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  • Dan

    Just type a colon or semi-colon : then add a nose – and then a parenthesis aiming the way you want it to. That’s it. It turns into the yellow smiley face when you hit the “post comment” orange block (as if by magic). 🙂



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  • My impression too. I have no problems with that at all. Its just setting a low “Sunday Assembly” bar. For my purposes (e.g. talking Catholics out of Catholicism) I wanted a practical, morally proactive exemplar.



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  • Steven007
    Jan 15, 2016 at 2:05 pm

    I personally have the most trouble understanding how otherwise seemingly rational people (M[s]. Robinson, Francis Collins, etc) reach the conclusions they reach. It’s easier to understand buffoons acting like buffoons. But Robinson (an acclaimed writer with otherwise cogent views on many topics, save religion) and Collins are reasonable people by most measures not including their religious views.

    I think it is fairly straightforward, in terms of cognitive biases.
    Ms. Robinson, looking from the perspective of a left-leaning Jew, has no difficulty in recognising the failures of the ideologies of the opposing Christian right!

    When she encounters science, as in the “The God-Delusion”, which challenges her ideological faith-assumptions, she flip-flops around strawmen, in denial of both the evidence and the reasoning!

    That does not mean she has not picked up some valuable or valid ideas, – (possibly from secular Jews), but it does suggest she used “faith” to collect them, rather than evidenced reasoning!



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  • Alan, its weirder than that-

    Robinson was raised as a Presbyterian and later became a Congregationalist, worshipping and sometimes preaching at the Congregational United Church of Christ in Iowa City.[7][8] Her Congregationalism, and her interest in the ideas of John Calvin, have been important in her works, including Gilead, which centers on the life and theological concerns of a fictional Congregationalist minister.[9] In an interview with the Church Times in 2012, Robinson said: “I think, if people actually read Calvin, rather than read Max Weber, he would be rebranded. He is a very respectable thinker.”[10]



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  • phil

    I have no problems with that at all.

    Oh yes. Rest assured that I have taken note of this idea and have implemented it too. I’ve seen that some are capable of walking away from their religion and rethinking things but if that’s impossible for others then I want them to at least acknowledge that they must reject the crap “morality” that comes from that religion and switch over to an ethics based operating system.

    Also, when they say, “I don’t support that” I want them to acknowledge that donations of money and bums on benches is support. If one supports an organization then one is responsible for the actions of that organization. Don’t try to weasel out of it! If we don’t like the actions or ideas of the religion that we were born into then reject it and walk out. This is America and we have the freedom to do that, not like some other places on this earth where the same behavior will get your head chopped off.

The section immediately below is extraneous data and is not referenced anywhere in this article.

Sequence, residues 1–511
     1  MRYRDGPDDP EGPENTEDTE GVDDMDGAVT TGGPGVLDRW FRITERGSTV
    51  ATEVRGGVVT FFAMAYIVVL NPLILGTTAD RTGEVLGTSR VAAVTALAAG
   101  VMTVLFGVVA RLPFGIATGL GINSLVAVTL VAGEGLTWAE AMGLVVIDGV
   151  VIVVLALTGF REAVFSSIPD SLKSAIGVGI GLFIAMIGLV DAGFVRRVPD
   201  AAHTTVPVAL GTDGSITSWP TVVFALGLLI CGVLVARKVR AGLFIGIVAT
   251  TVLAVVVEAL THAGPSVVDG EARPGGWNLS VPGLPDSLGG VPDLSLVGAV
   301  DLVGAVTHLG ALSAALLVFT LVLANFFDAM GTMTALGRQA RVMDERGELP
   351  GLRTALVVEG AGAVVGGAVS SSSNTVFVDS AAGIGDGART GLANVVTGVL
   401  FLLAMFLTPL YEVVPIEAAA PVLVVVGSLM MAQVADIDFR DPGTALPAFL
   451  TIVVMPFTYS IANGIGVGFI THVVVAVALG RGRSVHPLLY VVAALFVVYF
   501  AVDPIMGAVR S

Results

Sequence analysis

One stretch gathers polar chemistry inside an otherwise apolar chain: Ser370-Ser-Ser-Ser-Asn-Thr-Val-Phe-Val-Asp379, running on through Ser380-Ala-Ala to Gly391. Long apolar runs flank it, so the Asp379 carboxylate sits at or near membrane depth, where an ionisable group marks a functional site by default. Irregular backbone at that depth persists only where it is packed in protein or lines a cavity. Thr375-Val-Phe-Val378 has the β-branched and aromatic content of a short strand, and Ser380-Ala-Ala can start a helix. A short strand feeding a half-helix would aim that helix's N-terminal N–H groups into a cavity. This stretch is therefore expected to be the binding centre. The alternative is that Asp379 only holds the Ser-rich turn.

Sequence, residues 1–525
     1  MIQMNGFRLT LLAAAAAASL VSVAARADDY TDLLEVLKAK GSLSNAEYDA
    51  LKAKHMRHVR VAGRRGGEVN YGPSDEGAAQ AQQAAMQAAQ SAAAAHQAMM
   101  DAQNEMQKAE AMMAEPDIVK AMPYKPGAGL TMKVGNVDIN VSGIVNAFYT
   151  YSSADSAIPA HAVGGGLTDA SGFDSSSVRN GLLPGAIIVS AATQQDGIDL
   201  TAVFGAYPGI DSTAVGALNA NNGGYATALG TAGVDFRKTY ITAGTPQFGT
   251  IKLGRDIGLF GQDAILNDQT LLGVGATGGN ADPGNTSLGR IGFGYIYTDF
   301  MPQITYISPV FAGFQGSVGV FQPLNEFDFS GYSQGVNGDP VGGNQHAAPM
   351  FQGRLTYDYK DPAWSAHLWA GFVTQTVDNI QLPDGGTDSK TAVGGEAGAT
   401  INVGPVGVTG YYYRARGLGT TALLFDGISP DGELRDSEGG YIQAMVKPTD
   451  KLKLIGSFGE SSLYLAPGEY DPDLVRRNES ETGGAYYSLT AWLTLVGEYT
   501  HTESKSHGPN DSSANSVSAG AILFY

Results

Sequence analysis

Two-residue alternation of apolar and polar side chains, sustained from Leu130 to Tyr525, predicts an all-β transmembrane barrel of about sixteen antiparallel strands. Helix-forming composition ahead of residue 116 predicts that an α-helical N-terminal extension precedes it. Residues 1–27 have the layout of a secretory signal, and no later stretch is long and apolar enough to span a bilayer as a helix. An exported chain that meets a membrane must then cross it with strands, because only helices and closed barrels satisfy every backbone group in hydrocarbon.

I accept that the UU’s, and other congregations, are getting together for feel good moments and socializing. Just because I don’t like that doesn’t mean it’s not valuable. They like it and also they are capable of organizing a large group for social action.



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  • Francis Collins’ waterfall

    His watershed moment (one from an infinite variety, courtesy assembly line of human thought processes). A speed-bump quirk of sorts; yet, who doesn’t have one?

    A picture was posted recently > “sun and clouds in shape of a cross”. A common geometric shape – offhand I can’t think of any other religion that sees their symbols in nature.



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  • phil rimmer
    Jan 17, 2016 at 7:25 am

    Alan, its weirder than that-

    Robinson was raised as a Presbyterian and later became a Congregationalist, worshipping and sometimes preaching at the Congregational United Church of Christ in Iowa City.[7][8] Her Congregationalism, and her interest in the ideas of John Calvin,

    @OP replacement link –

    As a Jew, I sometimes feel that Christianity—Protestantism especially—seems very individualistic in the way it talks about salvation. My religious experience is that you can’t even begin to say certain prayers without having 10 adults in the room. Jews rarely talk about individual salvation. We confess our sins as a community.

    This is one truly mixed up faith-head!

    A Jewish, Presbyterian, Congregationalist!!!



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  • Ms. Robinson, looking from the perspective of a left-leaning Jew

    @ Alan, actually I think the writer Mr. Schulson is Jewish, not Robinson. That was his Jewish perspective. But point taken. She is real big on the Calvinist thing but I think she’s primarily a Calvin loving left leaning Presbyterian Congregationalist. Which is saying a mouthful, ha.



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  • Steven007
    Jan 18, 2016 at 9:44 am

    @ Alan, actually I think the writer Mr. Schulson is Jewish, not Robinson. That was his Jewish perspective.

    You are right – I should have spotted the emboldened paragraph was part of the question!